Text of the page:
elizabeth

26 May 2017 149 views
 
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photoblog image Bridges vs Arches

Bridges vs Arches

The difference is in how the formation is created.

Narural arches are weather eroded,

Natural bridges are water eroded.

 

Weather eroded arches begin their formation as deep cracks which

penetrate into a sandstone layer. Erosion occurring within the cracks

wears away exposed rock layers and enlarges the surface cracks

isolating narrow sandstone walls which are called fins. Alternating frosts

and thawing cause crumbling and flaking of the porous sandstone and

eventually cut through some of the fins. The resulting holes become
enlarged to arch proportions by rockfalls and weathering. The arches

eventually collapse leaving only buttresses that in time will erode.

 

Some natural bridges may look like arches, but they form in the path

of streams that wear away and penetrate the rock. Pothole arches
form by chemical weathering as water collects in natural depressions

and eventually cuts through to the layer below.  The rock is typically

a much harder material than the soft sandstone of the arches.

 

Bridges vs Arches

The difference is in how the formation is created.

Narural arches are weather eroded,

Natural bridges are water eroded.

 

Weather eroded arches begin their formation as deep cracks which

penetrate into a sandstone layer. Erosion occurring within the cracks

wears away exposed rock layers and enlarges the surface cracks

isolating narrow sandstone walls which are called fins. Alternating frosts

and thawing cause crumbling and flaking of the porous sandstone and

eventually cut through some of the fins. The resulting holes become
enlarged to arch proportions by rockfalls and weathering. The arches

eventually collapse leaving only buttresses that in time will erode.

 

Some natural bridges may look like arches, but they form in the path

of streams that wear away and penetrate the rock. Pothole arches
form by chemical weathering as water collects in natural depressions

and eventually cuts through to the layer below.  The rock is typically

a much harder material than the soft sandstone of the arches.

 

comments (19)

  • Martine
  • France
  • 26 May 2017, 00:34
Les gens ne paraissent pas plus grands que des fourmis.
Elizabeth Croston Buckalew: And it's very much how we feel!
  • Ray
  • Not in United States
  • 26 May 2017, 00:35
This one might be a brarch, then?


Lovely picture, Elizabeth.
Elizabeth Croston Buckalew: smile Definitely a bridge, Ray!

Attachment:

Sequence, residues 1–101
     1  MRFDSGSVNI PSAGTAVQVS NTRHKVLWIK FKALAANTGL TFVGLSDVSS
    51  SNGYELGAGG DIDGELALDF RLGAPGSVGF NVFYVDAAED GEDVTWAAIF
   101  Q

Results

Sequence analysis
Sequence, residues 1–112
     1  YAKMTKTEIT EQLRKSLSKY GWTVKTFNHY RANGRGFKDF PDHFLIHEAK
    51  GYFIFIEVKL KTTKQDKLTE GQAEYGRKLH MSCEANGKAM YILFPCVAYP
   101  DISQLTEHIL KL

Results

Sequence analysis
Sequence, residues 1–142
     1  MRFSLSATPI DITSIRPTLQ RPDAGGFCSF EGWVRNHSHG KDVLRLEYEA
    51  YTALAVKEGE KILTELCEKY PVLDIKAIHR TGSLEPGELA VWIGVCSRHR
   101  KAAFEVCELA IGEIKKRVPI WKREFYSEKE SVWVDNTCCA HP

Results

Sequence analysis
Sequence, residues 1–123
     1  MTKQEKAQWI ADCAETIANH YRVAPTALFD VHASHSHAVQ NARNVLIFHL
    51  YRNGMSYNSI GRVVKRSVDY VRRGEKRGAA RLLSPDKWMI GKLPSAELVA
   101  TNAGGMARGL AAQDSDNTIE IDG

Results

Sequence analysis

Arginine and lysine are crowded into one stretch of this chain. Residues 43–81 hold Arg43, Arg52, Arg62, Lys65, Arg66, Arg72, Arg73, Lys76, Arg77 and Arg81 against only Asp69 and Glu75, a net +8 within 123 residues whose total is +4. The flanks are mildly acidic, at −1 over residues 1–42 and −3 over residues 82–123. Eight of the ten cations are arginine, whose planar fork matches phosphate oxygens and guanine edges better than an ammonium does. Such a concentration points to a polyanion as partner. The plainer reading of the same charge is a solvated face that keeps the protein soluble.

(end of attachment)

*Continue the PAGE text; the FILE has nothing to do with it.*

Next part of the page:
I thought they were built by Native Americans! smile
Elizabeth Croston Buckalew: Well... native, anyway!
  • Jennie
  • United States
  • 26 May 2017, 04:21
So many textures and colors captured.
Elizabeth Croston Buckalew: Oh, Jennie - Southern Utah is so full of amazing places! I hope you can visit one day! I'll take a week off and be your guide! smile
  • Astrid
  • Netherlands
  • 26 May 2017, 04:44
The people really give scale. This is wonderful. Thank you for the write up. Wonderful picture.
Elizabeth Croston Buckalew: I was pleased the Dad stopped there to show his son how grandiose it all is.... made a better photo for me! smile I'm glad you enjoyed this post. I continue to be amazed at what I learn about the are!
After all the early morning education, Elizabeth, I'm delighted to see scale by the people in this image!
Elizabeth Croston Buckalew: smile I won't even test you later! smile
Yes - I'm so happy they stopped right there in their brightly colored jackets!
  • Chris
  • England
  • 26 May 2017, 06:22
This whole process must take thousands of years
Elizabeth Croston Buckalew: You are correct, sir. From the National Park Service:

"Sipapu is the largest and most spectacular of the three bridges in the Monument. It is considered middle aged, older than Kachina but younger than Owachomo. Its rounded opening and smooth sides are mute evidence of countless floods bearing scouring rocks and sand. This bridge, whose opening would almost house the dome of the United States Capitol, has taken thousands of years to form but will someday collapse and erode as part of the endless cycles of time and change.

Height: 220 feet (67 m)
Span: 268 feet (82 m)
Width: 31 feet (9.5 m)
Thickness: 53 feet (16 m)
  • Lisl
  • Bath, England
  • 26 May 2017, 06:32
That is all very interesting, Elizabeth